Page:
James Cracknell has created a video in which he makes a passionate plea for people to wear cycle helmets. But is the helmet-wearing issue as simple as he makes it out to be?
As a bit of a lurker in social media’s cycle campaigning circles, I’m aware that the case for helmet safety isn’t complete, and I’ve wanted to try and counter tweets and inform people sharing the video that there’s more to it than meets the eye.
While my thoughts are far from complete on the matter, I’ve just posted this as a comment on the blog of an acquaintance of mine…I thought it was worth re-posting here.
My Response to the “Use Your Head” Video
I’m a bit confused, myself, on the helmet issue. There’s some quite vociferous pro-helmet-choice people and, while I’m not as passionate about the issue as some are, I do find reason not to like this video and it’s worth presenting some additional information alongside it.
1) This video makes cycling look like a dangerous activity and it will probably put some people off cycling. Which is a bad thing!
2) Cycling is, in fact, statistically, an incredibly safe activity. Anyone arguing for cycle helmets should probably also be arguing for pedestrian and driver helmets.
3) Not only is cycling safe, it’s good for your health, and the health benefits of regular cycling far outweigh the risks of potential accidents.
4) Cracknell’s experience is quite extreme. He was cycling across America. Not everyone is going to undertake such an activity, or cycle on the kind of roads that he was cycling on. Yes, for high-speed sports cycling on major roads, or for off-road cycling, your chances of having an accident are increased and helmet-wearing is probably advised.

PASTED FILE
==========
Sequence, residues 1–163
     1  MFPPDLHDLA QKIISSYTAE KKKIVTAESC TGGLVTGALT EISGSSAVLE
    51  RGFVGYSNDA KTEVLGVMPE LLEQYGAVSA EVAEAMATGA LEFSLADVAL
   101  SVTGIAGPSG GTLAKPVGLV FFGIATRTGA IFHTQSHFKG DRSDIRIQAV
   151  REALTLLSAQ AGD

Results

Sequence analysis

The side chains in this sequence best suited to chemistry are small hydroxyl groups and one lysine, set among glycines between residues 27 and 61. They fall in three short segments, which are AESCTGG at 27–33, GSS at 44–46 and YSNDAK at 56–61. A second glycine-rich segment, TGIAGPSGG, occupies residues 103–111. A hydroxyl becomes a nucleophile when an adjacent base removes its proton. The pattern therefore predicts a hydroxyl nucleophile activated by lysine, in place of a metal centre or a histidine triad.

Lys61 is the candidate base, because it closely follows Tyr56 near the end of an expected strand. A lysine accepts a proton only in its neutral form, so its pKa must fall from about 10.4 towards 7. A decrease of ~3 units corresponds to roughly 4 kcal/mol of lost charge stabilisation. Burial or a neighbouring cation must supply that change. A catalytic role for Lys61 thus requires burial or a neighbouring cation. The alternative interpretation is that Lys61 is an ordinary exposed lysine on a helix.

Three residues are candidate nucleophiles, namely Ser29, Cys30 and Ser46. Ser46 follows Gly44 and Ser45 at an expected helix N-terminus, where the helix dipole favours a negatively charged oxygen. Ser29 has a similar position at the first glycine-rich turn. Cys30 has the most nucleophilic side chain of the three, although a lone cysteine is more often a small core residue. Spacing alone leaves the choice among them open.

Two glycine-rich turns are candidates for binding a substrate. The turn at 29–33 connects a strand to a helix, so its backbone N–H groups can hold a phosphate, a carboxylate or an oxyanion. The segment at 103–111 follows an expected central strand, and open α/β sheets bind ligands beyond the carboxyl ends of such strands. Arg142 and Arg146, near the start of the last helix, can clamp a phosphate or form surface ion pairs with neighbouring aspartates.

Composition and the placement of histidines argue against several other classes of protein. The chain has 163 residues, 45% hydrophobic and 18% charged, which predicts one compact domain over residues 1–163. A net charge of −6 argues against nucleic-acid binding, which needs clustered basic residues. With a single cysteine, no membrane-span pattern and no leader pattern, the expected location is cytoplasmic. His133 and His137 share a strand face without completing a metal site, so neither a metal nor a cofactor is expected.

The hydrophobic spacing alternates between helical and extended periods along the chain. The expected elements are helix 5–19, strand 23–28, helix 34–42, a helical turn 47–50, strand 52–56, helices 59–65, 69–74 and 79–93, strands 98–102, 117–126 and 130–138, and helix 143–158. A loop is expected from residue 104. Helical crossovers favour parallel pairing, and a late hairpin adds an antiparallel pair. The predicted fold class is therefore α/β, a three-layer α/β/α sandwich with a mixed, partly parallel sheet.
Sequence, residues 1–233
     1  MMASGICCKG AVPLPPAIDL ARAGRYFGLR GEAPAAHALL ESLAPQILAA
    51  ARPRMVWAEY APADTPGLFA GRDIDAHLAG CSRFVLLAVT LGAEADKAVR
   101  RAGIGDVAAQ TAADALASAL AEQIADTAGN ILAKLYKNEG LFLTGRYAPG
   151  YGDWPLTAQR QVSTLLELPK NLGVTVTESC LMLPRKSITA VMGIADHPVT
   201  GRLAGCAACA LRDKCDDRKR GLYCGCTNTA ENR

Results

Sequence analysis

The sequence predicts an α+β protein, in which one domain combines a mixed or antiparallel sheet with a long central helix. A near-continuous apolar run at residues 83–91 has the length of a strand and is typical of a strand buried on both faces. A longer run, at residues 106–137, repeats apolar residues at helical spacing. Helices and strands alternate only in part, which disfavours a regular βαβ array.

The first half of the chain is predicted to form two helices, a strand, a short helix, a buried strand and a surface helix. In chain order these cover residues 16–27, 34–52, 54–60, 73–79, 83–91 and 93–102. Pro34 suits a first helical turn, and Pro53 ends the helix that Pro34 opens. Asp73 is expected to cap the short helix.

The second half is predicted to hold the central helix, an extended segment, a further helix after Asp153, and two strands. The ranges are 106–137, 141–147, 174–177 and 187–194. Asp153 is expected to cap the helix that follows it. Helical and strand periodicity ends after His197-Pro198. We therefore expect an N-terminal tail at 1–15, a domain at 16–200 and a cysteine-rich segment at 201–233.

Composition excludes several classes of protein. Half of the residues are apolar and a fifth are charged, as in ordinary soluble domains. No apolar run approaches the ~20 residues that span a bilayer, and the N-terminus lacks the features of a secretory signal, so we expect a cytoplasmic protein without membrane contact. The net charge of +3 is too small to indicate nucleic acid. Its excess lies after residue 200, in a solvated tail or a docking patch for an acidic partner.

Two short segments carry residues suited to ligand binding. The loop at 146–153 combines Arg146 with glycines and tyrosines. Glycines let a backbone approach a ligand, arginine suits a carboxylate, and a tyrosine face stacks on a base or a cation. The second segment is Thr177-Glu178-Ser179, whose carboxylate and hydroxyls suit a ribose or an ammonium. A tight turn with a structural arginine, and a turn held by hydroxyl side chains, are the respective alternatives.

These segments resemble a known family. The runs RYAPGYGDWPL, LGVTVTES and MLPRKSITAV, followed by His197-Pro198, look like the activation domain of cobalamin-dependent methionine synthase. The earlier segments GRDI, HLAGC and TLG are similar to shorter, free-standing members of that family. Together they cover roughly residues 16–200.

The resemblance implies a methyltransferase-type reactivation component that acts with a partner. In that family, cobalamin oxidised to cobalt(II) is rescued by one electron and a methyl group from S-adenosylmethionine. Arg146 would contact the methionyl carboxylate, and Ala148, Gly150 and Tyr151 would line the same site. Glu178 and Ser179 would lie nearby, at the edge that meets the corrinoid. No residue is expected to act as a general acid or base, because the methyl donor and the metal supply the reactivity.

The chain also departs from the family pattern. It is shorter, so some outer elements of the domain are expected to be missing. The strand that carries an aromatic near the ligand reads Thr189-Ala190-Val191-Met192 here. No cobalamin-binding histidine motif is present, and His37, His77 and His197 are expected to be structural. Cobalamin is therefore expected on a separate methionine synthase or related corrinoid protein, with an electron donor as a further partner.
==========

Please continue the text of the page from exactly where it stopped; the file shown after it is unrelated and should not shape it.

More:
5) The helmet science is not proven. Research has shown various things including:
– cars drive closer to people who wear helmets meaning that helmet-wearing makes you more likely to have an accident
– helmets can make some injuries, such as rotational injuries, worse
6) Cracknell hasn’t proposed such a thing, but it has been shown that introducing compulsory helmet laws will almost certainly result in a large decrease in numbers of cyclists – and presumably a corresponding increase in car use.
7) A far better approach to cyclist safety would be to reduce the potential for accidents in the first place. Better driver training, better road design, proper, safe cycle infrastructure.
Cracknell IS lucky to be alive, his helmet almost certainly saved his life. But he was also lucky. Cycle helmets are not designed to protect you in the event of a collision with a vehicle.
I’d like to see more people cycling, and I don’t think this video helps with that. There are better ways to improve cycle safety without frightening people off their bikes. Those methods generally involve making roads safer for everyone, not just cyclists, and I’d rather people invested in those methods.
For the record, I use my bike for both fitness and as a means of transport. If I’m out racing myself or the clock, I’m on-road, and yes, I wear a helmet. If I’m pootling around town running errands I tend to stay on cycle paths and quieter routes and I don’t normally wear my helmet.
If anyone wants to find out more about the helmet issue, can I suggest the relatively un-biased and well-written information at http://www.nohelmetlaw.org.uk/
I know that Cracknell’s intentions in producing this video, and peoples’ intentions in sharing it, are good, and any attempt to improve cyclist safety should be supported. I hope you don’t mind me contributing a slightly different take on the helmet issue.
With or without a helmet…happy cycling!